By Byron Kaye
SYDNEY (Reuters) – The Australian state of Victoria introduced the country’s first lockdown measures specifically targeted at local suburban areas after a spike in coronavirus cases in Melbourne, the nation’s second largest city.
The new curbs come even as two other Australian states looked to ease domestic border restrictions with other parts of the country where the virus has largely been contained.
From midnight the following day, Victorian Premier Daniel Andrews said people in 10 affected postcodes around Melbourne must stay home unless they are travelling for work, school, exercise or food for a period of four weeks.
Cafes and restaurants would need to revert to takeaway only, just weeks after they returned to seated diners.
“If we don’t take these steps now we will finish up in a situation (where rather) than locking down 10 postcodes, we will be locking down every postcode,” Andrews told reporters.
The northern state of Queensland said it would reopen its border to the rest of the country from July 10 while keeping out arrivals from Victoria.
South Australia meanwhile cancelled a scheduled reopening of its border to some states, also citing the increase in Victoria cases, but said it would soon allow people in from states with fewer new infections.
The changes in Queensland and South Australia take the nation closer to its goal of unfettered domestic movement while isolating shutting out Victoria, home to nearly a quarter of the country’s 25 million population.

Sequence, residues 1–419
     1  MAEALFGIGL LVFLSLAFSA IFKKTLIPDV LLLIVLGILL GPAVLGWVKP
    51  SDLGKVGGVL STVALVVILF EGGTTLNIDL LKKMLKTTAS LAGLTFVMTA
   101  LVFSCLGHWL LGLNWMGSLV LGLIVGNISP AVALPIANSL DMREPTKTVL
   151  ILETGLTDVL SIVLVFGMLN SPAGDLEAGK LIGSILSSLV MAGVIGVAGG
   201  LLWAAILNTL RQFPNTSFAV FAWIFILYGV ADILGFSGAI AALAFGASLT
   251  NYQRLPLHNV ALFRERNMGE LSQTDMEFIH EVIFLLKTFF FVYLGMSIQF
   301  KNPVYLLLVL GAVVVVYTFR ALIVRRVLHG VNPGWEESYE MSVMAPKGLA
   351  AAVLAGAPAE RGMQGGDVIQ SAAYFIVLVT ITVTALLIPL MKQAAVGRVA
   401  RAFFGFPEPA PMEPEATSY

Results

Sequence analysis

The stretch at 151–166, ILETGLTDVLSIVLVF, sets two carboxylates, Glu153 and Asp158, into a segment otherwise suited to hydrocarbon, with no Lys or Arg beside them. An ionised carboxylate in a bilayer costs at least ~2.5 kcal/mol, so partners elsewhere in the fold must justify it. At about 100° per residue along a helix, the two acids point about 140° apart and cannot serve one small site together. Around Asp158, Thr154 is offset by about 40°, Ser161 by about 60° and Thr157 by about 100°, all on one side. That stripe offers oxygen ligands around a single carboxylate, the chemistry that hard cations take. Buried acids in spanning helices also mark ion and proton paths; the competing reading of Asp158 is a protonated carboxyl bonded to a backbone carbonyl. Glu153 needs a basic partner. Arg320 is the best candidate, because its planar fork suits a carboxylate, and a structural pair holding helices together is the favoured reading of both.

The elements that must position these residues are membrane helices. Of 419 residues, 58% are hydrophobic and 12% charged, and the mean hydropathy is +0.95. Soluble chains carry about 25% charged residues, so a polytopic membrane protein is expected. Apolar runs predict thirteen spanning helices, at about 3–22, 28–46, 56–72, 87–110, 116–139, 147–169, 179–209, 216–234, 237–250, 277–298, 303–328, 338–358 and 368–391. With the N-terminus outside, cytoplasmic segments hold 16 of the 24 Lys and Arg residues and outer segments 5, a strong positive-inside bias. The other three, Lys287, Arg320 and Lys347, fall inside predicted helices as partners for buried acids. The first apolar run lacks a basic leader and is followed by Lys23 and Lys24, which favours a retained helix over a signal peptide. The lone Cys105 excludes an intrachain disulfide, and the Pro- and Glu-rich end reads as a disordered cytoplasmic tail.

Victoria has reported double-digit daily increases in COVID-19 infections for each of the past 14 days, while most other states report zero or low single-digit increases.
The surge in Victoria, Australia’s second-most populous state, has driven up the national daily increase in virus infections to its highest levels since April.
On Tuesday, Victoria reported 64 new infections in the previous 24 hours, compared to zero in most major states.
“Queensland has very large concerns about the state of Victoria,” Queensland Premier Annastacia Palaszczuk told reporters.
“There is community transmission. There have been outbreaks in hotels, schools, healthcare, retail and a distribution centre. The border with Victoria will remain closed and will be strengthened.”
Queensland does not share a border with Victoria but would make people entering from other sign a declaration that they had not been to Victoria for 14 days with a A$4,000 fine if they lied.
The 64 new infections are lower than the previous day’s 75 but far higher than any other state.
The spike in that state’s infections may delay federal government ambitions of setting up a “travel bubble” with neighbouring New Zealand that would allow the movement of people between the two countries. New Zealand has said it would not consider reopening its border with Australia while its own domestic borders are closed.
South Australia, which borders Victoria, cancelled a planned July 20 reopening to the states it has not already allowed back in, although state premier Steven Marshall said he would consider allowing arrivals from states where infections were contained.
“We have worked so hard to get ourselves into a very enviable position and we are not prepared to go backwards,” Marshall told reporters.
South Australia’s borders with Western Australia, Tasmania, Queensland and the Northern Territory were reopened earlier this month.
Australia has fared better than many countries in the pandemic, with around 7,800 cases and 104 deaths, but the recent surge has stoked fears of a second wave.
NSW, the country’s most populous state, said it would continue to keep its border open as it focused on supporting its economy amid the pandemic. The state reported no new cases on Tuesday.
(Reporting by Byron Kaye; Editing by Sam Holmes)